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her happy in this world, and her well using of them gives a fair testimony that she will be so in that which is to come.
Mrs. Herbert was the wife of Sir Robert eight years, and lived his widow about fifteen; all which time she took a pleasure in mentioning and commending the excellencies of Mr. George Herbert. She died in the year 1663, and lies buried at Highnam : Mr. Herbert in his own Church, under the altar, and covered with a gravestone without any inscription.
This Lady Cook had preserved many of Mr. Herbert's private writings, which she intended to make public; but they and Highnam House were burnt together by the late rebels, and so lost to posterity.
MR. GEORGE HERBERT TO NICHOLAS FARRER,
THE TRANSLATOR OF VALDESSO.
My dear and deserving brother, your Valdesso I now return with many thanks, and some notes, in which perhaps you will discover some care which I forbear not in the midst of my griefs; first for your sake, because I would do nothing negligently that you commit unto me: secondly for the Author's sake, whom I conceive to have been a true servant of God; and to such, and all that is their's, I owe diligence: thirdly for the Church's sake, to whom by printing it, I would have you consecrate it. You owe the Church a debt, and God hath put this into your hands—as he sent the fish with money to St. Peter-to discharge it; happily also with this-as his thoughts are fruitful-intending the honour of his servant the Author, who, being obscured in his own country, he would have to flourish in this land of light, and region of the Gospel among his chosen. It is true, there are some things which I like not in him, as my fragments will express, when you read them: nevertheless, I wish you by all means to publish it, for these three eminent things observable therein: First, that God in the midst of Popery, should open the eyes of one to understand and express so clearly and excellently, the intent of the Gospel in the acceptation of Christ's righteousness,—as he sheweth through all his Considerations,-a thing strangely buried and darkened by the adversaries, and their great stumbling block. Secondly, the great honour and reverence which he every where bears towards our dear Master and Lord; concluding every Consideration almost with his holy name, and setting his morit forth so piously; for which I do so love him, that were there nothing else, I would print it, that with it the honour of my Lord might be published. Thirdly, the many pious rules of ordering our life about mortification, and observation of God's kingdom within us, and the working thereof; of which he was a very diligent observer. These three things are very eminent in the Au thor, and overweigh the defects-as I conceive-towards the publishing thereof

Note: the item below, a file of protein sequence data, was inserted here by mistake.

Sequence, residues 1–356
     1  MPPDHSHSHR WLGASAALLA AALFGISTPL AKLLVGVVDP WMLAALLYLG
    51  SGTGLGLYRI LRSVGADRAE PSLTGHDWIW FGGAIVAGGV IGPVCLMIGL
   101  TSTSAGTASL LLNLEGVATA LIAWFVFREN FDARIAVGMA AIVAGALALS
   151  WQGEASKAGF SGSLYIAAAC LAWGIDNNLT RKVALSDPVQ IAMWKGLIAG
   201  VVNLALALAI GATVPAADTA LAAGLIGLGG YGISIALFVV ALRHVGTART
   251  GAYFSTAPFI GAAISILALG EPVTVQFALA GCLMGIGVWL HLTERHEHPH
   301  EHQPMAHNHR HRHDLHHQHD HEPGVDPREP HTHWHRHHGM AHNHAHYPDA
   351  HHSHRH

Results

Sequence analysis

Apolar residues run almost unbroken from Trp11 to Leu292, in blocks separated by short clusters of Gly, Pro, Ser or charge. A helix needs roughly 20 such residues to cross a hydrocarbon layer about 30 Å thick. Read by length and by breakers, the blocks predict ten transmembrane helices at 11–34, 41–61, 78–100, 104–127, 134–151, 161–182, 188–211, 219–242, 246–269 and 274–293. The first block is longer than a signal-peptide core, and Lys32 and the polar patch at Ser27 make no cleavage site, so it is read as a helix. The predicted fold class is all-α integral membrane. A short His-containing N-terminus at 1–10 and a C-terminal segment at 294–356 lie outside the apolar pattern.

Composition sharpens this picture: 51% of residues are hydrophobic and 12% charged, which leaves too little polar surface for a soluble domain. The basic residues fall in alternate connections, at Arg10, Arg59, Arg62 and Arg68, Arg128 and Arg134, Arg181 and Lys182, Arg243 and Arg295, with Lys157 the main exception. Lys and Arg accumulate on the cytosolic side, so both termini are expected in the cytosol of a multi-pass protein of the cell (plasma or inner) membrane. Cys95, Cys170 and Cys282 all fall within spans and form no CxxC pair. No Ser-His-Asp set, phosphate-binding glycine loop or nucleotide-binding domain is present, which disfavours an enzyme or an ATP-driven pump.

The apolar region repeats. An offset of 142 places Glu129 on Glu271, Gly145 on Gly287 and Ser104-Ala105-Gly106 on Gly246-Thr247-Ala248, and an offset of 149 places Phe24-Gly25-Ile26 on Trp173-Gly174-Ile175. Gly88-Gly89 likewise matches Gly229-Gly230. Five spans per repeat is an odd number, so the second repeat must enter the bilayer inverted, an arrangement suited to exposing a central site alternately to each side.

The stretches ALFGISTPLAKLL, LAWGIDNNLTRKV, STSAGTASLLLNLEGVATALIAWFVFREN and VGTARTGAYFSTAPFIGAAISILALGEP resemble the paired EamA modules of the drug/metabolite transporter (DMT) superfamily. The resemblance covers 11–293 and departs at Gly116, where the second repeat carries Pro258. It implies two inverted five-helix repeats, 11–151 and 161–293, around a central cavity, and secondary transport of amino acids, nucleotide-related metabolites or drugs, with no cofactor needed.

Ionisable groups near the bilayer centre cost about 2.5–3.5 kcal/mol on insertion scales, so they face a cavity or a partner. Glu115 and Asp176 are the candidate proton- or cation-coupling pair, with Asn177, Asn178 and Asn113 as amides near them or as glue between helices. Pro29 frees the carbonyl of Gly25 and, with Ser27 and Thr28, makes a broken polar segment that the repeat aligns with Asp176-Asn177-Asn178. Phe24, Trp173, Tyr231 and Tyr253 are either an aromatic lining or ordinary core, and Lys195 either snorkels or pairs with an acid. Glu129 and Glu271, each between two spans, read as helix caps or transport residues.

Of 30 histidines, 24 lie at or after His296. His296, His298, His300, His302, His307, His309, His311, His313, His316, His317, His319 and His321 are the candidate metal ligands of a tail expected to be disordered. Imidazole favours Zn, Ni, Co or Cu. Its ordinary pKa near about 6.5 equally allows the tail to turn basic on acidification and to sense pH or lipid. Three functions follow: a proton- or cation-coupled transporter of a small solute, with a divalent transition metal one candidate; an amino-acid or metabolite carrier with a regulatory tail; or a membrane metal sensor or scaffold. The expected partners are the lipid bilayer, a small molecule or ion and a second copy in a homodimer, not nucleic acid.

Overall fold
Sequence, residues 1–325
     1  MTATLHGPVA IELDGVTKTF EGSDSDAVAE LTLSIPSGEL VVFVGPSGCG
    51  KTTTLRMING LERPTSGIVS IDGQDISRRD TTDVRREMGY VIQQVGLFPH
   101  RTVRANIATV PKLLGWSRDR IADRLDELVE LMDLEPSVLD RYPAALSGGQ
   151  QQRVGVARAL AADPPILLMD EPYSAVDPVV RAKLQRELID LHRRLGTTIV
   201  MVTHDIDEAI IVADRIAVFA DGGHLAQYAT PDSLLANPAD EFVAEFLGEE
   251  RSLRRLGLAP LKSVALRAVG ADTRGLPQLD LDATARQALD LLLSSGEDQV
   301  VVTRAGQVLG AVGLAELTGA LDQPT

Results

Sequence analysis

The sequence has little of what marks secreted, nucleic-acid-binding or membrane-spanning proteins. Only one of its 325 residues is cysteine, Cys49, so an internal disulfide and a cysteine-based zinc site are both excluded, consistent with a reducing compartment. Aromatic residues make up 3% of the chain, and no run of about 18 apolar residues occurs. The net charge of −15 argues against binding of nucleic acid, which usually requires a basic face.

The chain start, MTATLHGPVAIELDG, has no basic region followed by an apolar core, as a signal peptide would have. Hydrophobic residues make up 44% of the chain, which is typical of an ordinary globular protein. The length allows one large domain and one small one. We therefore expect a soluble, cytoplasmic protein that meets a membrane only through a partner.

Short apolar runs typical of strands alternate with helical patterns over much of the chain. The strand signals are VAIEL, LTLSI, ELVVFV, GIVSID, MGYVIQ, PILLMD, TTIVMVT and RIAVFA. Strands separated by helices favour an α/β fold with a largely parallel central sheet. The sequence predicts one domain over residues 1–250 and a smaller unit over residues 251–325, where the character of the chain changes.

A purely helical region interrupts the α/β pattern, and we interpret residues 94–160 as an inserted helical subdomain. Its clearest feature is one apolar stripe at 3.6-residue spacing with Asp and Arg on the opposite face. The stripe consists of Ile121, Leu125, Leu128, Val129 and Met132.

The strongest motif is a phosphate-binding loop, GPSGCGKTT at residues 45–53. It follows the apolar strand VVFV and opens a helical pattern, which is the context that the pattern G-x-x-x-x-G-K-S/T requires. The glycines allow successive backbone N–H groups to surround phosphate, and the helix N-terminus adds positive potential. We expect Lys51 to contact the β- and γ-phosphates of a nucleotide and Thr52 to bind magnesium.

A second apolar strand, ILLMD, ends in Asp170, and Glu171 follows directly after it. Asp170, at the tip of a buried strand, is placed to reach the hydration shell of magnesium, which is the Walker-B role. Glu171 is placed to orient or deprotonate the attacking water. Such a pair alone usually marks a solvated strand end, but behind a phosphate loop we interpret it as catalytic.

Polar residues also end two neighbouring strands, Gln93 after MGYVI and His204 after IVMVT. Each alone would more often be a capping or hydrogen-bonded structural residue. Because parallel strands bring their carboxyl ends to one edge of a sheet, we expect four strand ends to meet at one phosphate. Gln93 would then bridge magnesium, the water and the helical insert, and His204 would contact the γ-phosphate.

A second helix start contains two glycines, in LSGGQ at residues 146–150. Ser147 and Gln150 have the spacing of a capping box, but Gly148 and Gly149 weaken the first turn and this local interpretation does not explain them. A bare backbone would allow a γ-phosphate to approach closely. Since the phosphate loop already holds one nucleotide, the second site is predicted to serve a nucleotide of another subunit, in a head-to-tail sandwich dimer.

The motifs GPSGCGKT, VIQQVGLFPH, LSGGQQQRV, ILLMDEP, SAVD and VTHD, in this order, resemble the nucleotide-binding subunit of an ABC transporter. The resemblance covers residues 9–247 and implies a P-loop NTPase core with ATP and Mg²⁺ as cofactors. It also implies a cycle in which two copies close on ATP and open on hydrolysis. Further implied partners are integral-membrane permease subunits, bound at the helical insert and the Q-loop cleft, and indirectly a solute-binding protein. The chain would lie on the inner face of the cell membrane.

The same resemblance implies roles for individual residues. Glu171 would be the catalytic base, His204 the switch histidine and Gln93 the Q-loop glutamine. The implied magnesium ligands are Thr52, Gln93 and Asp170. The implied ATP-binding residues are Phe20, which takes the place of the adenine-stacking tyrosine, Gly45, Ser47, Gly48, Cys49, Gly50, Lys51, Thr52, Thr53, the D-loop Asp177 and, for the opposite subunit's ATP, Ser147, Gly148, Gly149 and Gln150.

From his Parsonage of